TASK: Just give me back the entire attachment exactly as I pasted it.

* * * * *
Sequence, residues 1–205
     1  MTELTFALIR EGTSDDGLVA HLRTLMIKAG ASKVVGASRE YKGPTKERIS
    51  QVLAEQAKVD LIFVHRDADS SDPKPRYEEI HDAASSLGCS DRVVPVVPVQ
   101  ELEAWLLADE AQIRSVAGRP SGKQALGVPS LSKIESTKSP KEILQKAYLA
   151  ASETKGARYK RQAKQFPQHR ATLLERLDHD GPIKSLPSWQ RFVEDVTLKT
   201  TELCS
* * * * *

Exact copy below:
Sequence, residues 1–205
     1  MTELTFALIR EGTSDDGLVA HLRTLMIKAG ASKVVGASRE YKGPTKERIS
    51  QVLAEQAKVD LIFVHRDADS SDPKPRYEEI HDAASSLGCS DRVVPVVPVQ
   101  ELEAWLLADE AQIRSVAGRP SGKQALGVPS LSKIESTKSP KEILQKAYLA
   151  ASETKGARYK RQAKQFPQHR ATLLERLDHD GPIKSLPSWQ RFVEDVTLKT
   201  TELCS